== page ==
Over recent weeks we've had a number of reports of fly tipping on our nature reserves and in other beauty spots across Lancashire, Manchester and North Merseyside. And after arsonists set fire to a large area of the West Pennine Moors, we're asking everyone to protect their local wild areas, particularly during the lockdown.
Dismay at rise in littering and vandalism
Our Director of Conservation, Tim Mitcham, said:
“We have found fly tipping at our Longworth Clough Nature Reserve and I have heard of other cases on the West Pennine Moors.
“The recent fire on Horden Stoops and down towards Ward’s Reservoir, close to Belmont, also caused significant damage over three square kilometres.
“This area is a Site of Special Scientific Interest and is protected because of its peatland landscape and distinctive wildlife.”
Indeed, disturbances to this area will affect thousands of different species in the coming months, particularly during the nesting season. Ground-nesting birds actively nesting include curlew, snipe, lapwing, woodcock and black headed gull.
Tim said: “We have seen increased leisure activity at our urban edge reserves: places like Lunt Meadows, Heysham Moss and Foxhill Bank are seeing a lot of activity during the lockdown, particularly from dog walkers. Hopefully, the vast majority of users are doing so respectfully and keeping dogs on leads and to the paths, as nesting birds are easily disturbed at this time and wildflowers easily damaged.
“We have cleared away the rubbish at Longworth Clough and, hopefully, with sites being closed, it will not become a regular thing.”
While there are restrictions on people travelling to beauty spots and many nature reserves, like Brockholes and Mere Sands Wood, are closed to the public, we're still expecting a large influx of visitors as the sunny days continue during lockdown.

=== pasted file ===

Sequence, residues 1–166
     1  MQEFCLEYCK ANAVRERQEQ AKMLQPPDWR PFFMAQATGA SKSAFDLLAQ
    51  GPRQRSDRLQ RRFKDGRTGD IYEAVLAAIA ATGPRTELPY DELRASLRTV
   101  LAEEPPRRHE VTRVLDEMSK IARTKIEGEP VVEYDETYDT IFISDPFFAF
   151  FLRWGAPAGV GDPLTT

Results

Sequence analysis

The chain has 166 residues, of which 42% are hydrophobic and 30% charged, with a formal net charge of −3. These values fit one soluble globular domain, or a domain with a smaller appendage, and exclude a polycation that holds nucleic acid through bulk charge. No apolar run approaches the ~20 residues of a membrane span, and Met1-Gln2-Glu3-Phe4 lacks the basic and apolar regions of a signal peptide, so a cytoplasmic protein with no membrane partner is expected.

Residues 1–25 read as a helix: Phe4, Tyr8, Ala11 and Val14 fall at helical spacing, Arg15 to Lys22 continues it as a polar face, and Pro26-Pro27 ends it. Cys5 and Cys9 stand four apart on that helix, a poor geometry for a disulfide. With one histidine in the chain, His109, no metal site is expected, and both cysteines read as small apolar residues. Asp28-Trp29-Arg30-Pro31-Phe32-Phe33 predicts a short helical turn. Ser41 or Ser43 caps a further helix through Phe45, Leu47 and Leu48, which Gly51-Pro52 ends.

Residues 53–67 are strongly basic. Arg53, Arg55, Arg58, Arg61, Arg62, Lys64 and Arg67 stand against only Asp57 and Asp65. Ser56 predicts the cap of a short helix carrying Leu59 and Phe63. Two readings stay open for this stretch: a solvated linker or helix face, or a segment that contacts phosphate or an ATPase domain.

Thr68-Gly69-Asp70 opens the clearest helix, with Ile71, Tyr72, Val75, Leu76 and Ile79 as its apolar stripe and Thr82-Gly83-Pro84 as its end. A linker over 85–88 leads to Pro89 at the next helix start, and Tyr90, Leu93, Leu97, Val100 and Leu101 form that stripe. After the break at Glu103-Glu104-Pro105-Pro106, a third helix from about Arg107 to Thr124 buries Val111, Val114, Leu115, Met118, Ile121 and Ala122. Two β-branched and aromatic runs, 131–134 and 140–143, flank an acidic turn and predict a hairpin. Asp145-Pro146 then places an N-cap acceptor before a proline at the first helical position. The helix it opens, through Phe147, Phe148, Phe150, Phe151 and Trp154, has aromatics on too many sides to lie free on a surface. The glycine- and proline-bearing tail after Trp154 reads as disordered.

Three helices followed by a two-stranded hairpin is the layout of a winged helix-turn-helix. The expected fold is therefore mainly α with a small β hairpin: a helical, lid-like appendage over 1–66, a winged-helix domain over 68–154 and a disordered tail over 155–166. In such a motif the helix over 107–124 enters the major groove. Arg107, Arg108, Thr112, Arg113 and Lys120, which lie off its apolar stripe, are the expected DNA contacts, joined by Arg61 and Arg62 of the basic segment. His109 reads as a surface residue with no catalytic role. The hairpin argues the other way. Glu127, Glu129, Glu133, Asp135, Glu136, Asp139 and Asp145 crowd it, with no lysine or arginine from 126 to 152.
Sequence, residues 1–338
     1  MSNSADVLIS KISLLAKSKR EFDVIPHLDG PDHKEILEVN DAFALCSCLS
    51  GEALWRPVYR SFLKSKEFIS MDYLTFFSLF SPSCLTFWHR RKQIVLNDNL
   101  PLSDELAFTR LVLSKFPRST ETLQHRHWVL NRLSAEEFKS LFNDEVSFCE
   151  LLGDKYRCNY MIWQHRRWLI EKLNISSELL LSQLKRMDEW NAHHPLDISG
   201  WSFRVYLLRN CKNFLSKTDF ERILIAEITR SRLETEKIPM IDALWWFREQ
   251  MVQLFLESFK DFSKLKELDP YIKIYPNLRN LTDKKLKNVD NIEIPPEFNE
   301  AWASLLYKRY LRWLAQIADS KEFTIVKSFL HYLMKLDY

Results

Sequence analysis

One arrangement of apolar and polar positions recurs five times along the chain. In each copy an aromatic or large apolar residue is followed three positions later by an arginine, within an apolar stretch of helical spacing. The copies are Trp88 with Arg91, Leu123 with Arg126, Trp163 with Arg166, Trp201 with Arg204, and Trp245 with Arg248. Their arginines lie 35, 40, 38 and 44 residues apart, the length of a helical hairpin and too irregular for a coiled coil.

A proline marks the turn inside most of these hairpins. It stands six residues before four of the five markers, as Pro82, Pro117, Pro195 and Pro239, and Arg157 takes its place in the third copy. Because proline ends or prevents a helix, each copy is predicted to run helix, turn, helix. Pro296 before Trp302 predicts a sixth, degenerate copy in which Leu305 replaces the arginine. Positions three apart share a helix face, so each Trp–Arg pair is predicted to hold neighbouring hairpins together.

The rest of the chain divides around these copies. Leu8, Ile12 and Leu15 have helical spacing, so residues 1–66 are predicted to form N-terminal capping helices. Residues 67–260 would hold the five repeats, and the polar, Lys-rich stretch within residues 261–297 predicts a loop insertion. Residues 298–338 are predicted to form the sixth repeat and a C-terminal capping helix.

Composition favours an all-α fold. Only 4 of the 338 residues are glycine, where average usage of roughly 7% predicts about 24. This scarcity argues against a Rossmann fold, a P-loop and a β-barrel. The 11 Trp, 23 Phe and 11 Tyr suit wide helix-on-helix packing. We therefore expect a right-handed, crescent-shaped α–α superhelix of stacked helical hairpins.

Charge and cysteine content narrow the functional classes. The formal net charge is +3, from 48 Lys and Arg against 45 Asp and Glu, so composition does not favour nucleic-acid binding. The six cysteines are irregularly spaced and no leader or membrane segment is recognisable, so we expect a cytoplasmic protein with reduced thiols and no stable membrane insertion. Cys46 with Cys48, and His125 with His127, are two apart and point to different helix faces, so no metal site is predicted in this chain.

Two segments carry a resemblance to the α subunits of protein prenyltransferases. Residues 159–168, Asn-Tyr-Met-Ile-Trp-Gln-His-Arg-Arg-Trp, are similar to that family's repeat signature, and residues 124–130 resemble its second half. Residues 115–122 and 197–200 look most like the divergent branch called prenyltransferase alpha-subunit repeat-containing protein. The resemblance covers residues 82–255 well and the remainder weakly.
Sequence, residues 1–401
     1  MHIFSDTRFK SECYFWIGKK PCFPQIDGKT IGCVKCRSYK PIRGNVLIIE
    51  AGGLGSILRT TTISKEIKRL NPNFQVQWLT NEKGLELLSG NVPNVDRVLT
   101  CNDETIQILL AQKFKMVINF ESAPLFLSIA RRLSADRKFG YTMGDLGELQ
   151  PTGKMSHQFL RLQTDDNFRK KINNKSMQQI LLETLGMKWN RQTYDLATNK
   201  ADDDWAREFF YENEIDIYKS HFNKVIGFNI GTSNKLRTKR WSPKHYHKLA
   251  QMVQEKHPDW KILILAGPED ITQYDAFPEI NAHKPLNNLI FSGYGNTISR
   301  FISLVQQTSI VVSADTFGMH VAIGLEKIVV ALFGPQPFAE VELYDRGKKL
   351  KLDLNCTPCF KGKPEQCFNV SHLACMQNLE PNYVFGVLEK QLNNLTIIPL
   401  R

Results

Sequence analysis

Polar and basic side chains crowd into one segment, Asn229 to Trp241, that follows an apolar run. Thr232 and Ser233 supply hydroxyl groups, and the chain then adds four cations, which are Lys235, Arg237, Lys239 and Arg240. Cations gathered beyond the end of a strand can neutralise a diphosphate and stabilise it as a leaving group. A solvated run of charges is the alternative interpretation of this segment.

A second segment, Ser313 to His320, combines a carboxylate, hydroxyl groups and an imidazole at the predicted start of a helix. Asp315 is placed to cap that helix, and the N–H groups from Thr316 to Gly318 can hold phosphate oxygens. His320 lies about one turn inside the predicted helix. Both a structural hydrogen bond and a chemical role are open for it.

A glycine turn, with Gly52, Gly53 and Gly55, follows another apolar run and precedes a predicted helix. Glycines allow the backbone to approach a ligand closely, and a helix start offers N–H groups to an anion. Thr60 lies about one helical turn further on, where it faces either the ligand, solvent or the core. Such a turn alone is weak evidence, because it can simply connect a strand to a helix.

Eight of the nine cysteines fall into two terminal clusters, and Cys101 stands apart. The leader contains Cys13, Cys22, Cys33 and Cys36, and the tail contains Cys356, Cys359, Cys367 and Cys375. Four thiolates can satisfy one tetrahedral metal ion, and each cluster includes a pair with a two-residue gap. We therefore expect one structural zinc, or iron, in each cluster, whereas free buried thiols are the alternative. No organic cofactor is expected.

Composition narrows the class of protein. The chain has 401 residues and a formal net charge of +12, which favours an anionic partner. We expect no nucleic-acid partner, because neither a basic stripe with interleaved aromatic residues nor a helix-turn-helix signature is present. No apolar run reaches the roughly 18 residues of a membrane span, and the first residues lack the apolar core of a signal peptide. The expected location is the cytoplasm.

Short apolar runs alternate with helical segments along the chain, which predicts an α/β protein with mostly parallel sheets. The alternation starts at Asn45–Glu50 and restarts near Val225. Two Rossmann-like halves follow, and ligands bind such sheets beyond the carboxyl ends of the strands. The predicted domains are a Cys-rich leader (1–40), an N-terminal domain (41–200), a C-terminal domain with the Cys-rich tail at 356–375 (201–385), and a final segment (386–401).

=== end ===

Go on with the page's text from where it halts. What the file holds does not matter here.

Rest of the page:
Campaign Manager, Alan Wright, said: “Isolated areas have become more isolated because of the lockdown and a couple of selfish people are using this as an excuse to dump their rubbish or cause damage.
“These areas are important for wildlife and for future generations of people. Surely, they realise that if they destroy these areas, there will be fewer beautiful wildlife refuges, plants and creatures for their children and grandchildren to experience.
“If anyone sees something suspicious, please do not approach the people involved, but do contact the police or the local land owner.”
We're recommending that people go out to their own local wild areas, close to their homes, without travelling too far.
Tim added: “A benefit of the lockdown is that these areas are being left alone, so when we get out there after restrictions are lifted, wildlife should be flourishing.
“All we are asking is that people respect the countryside and enjoy their own local wildlife, without spoiling it for others.”
We're continuing to monitor our nature reserves over the lockdown. These reserves are part of the UK’s Nature Recovery Network, ensuring wildlife has safe places to live, breed and thrive.